Qualys WAS Introduces Swagger Support for REST API Security Testing

Dave Ferguson

In the world of application security, testing REST APIs for security flaws is important because APIs can have many of the same application-layer vulnerabilities as browser-based web applications. Examples are SQL injection, command injection, and remote code execution. With the recent release of Qualys Web Application Scanning (WAS), testing your REST APIs is easier than ever thanks to support for Swagger.

About Swagger

Swagger is a widely-adopted specification that allows for programmatically describing REST APIs. This is accomplished via a Swagger file, which may be in either JSON or YAML format. The Swagger file provides all the details about the APIs and how to invoke them. This includes information like the HTTP verbs to use (GET, POST, PUT, etc.), the URL paths, allowable parameters and types, authentication mechanisms, and so on.

You can think of a Swagger file as being analogous to a Web Services Description Language (WSDL) file for SOAP web services.  Competing standards to Swagger exist (e.g., WADL, RAML), but Swagger was found to be the most prevalent within the Qualys WAS customer base.

How Swagger Helps with Scanning REST APIs

As of April 2020, Qualys WAS comes with support for both Swagger version 2.0 and OpenAPI version 3. If a Swagger or OpenAPI file is accessible to the scanning engine during the scan and is successfully parsed, the API endpoints will automatically be tested for common application security flaws. This simplifies and streamlines the process of scanning REST APIs compared to our original proxy capture and configuration approach.

The Swagger or OpenAPI (OAS) file is often made available by the development team when the API is deployed for QA/testing. This allows for security team to perform vulnerability scans seamlessly with less effort. Simply set the URL of the web application in WAS to be the location of the Swagger file, configure authentication if required, and launch a scan. Make sure the “host” and “basePath” values in the Swagger/OAS file match where the API is actually deployed. Please refer to API Testing with Swagger/OpenAPI for more details about how to set up your scan.

New informational QIDs have been added to WAS to go along with the support for Swagger:

  • QID 150195 – this provides information about the Swagger/OAS file that was found during the scan. The raw contents of the file are provided, as well as diagnostic information such as parsing errors or unsupported file formats.

  • QID 150197 – this lists the Swagger-defined API calls that were found in the Swagger/OAS file but not tested due to being excluded. This typically occurs if the API endpoints match a black list that was configured or if the API endpoints reside outside the scan’s crawl scope.

A point of clarification: You may be aware that the name “Swagger” as the specification name changed. Starting with version 3.0, the new name of the specification is “OpenAPI”. Qualys WAS supports both Swagger v2 and OpenAPI v3 as of April 2020.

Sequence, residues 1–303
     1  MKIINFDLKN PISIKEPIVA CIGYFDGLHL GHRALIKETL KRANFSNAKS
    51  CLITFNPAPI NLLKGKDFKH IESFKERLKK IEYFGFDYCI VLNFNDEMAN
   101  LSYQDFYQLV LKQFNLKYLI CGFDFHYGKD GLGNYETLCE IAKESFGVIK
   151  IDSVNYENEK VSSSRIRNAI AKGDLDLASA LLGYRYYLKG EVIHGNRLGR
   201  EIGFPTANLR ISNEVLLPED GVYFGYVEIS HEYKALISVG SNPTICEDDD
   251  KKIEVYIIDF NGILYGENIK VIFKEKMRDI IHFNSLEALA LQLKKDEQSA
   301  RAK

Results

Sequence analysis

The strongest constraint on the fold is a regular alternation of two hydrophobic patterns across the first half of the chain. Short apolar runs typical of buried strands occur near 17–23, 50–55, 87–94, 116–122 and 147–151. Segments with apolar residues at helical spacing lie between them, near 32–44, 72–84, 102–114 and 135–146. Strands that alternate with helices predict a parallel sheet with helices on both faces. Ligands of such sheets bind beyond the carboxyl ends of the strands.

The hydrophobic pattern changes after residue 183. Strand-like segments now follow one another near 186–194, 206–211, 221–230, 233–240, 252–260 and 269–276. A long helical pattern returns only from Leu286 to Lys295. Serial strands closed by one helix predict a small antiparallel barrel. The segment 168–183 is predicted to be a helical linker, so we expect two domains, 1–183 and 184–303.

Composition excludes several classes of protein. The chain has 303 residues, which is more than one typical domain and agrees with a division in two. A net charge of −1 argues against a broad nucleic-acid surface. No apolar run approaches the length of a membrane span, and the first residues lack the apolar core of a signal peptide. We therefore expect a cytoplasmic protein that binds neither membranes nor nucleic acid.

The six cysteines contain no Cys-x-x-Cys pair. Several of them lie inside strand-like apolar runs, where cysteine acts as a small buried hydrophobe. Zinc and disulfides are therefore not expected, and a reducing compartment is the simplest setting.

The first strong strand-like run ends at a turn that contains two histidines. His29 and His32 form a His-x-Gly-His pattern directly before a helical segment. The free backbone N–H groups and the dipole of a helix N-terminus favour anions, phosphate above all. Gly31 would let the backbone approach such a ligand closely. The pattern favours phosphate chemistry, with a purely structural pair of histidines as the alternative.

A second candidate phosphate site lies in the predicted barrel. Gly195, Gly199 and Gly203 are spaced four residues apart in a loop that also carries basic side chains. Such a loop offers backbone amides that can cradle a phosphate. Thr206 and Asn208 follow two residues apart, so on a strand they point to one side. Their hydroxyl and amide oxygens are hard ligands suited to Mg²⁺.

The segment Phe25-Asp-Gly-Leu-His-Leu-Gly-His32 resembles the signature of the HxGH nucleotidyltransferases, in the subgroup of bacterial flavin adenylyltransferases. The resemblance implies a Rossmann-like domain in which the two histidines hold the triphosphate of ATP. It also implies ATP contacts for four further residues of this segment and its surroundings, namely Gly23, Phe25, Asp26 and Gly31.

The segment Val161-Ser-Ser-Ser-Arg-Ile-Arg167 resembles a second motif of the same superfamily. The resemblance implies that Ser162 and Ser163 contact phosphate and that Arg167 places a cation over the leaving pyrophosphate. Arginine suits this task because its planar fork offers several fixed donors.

Verify for Security Early & Often and Automate Scans in Your CI/CD Pipeline

According to the OWASP Proactive Controls v2, the most critical control for application developers is to verify for security early and often. This means performing security testing early in the software development life cycle. To help meet this important objective, DevSecOps teams using Qualys WAS will welcome the addition of Swagger-based REST API scanning.

Combined with the WAS plugin for Jenkins and now support for Swagger/OpenAPI, Qualys WAS provides an effective solution to automate security testing in continuous integration/continuous deployment (CI/CD) environments for both traditional web applications and REST APIs.

Not using Jenkins for CI/CD?  You may instead want to use the WAS plugin for Bamboo or WAS plugin for TeamCity.

Leveraging Postman Collections

Finally, if your organization is using the Postman tool for functional testing of REST APIs, you may also be interested in Qualys WAS’ support for Postman Collections, which was released in October 2019.

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  1. hi Dave,

    The announcement mentions “Simply configure the URL of the web application in WAS to be the Swagger file, “, however, currently the url for a web application ionly allows entering a url instead of uploading a file. How to make it accept a file? Thanks,

    1. The web application URL in WAS needs to point to the Swagger file. When the scan starts, it will recognize that a Swagger file is at that URL and the scanner will begin to parse the file. The Swagger file can be hosted on the same server where the APIs are running or it can be hosted somewhere else. The important thing is that both the Swagger file and the API endpoints should be included in the crawl scope of the scan.

      1. Hi,

        I`m trying to properly configure WAS to use Swagger api definition:
        1. I`ve pointed to the swagger api-docs json in a way:
        https://mydomain-app/v2/api-docs
        2. My authentication test is successful (and tested with manually configured links/crawler)

        Result:
        – I have no issues with parsing Swagger file
        – I cant see any info in log that Swagger api definition was an input for my scan
        – My links from API definitions are not scanned at all

        I don`t know what to do and where is my mistake. Can you help me please?